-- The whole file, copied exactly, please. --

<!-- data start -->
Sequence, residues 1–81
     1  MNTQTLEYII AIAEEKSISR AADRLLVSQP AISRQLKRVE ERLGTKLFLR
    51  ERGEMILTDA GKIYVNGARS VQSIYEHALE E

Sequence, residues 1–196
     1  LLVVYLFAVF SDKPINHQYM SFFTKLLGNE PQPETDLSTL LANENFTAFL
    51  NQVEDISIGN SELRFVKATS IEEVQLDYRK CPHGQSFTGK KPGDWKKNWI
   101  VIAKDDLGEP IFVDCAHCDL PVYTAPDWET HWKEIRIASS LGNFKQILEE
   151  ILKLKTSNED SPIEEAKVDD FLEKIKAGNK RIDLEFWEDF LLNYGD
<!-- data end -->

Sequence, residues 1–81
     1  MNTQTLEYII AIAEEKSISR AADRLLVSQP AISRQLKRVE ERLGTKLFLR
    51  ERGEMILTDA GKIYVNGARS VQSIYEHALE E

Sequence, residues 1–196
     1  LLVVYLFAVF SDKPINHQYM SFFTKLLGNE PQPETDLSTL LANENFTAFL
    51  NQVEDISIGN SELRFVKATS IEEVQLDYRK CPHGQSFTGK KPGDWKKNWI
   101  VIAKDDLGEP IFVDCAHCDL PVYTAPDWET HWKEIRIASS LGNFKQILEE
   151  ILKLKTSNED SPIEEAKVDD FLEKIKAGNK RIDLEFWEDF LLNYGD